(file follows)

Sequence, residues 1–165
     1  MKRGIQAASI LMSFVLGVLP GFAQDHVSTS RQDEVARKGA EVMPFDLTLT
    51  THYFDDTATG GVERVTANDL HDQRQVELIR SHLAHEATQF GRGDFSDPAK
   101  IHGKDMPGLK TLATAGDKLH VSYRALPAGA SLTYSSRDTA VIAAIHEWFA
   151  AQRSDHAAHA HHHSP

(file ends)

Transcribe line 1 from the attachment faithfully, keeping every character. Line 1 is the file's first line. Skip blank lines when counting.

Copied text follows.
Sequence, residues 1–165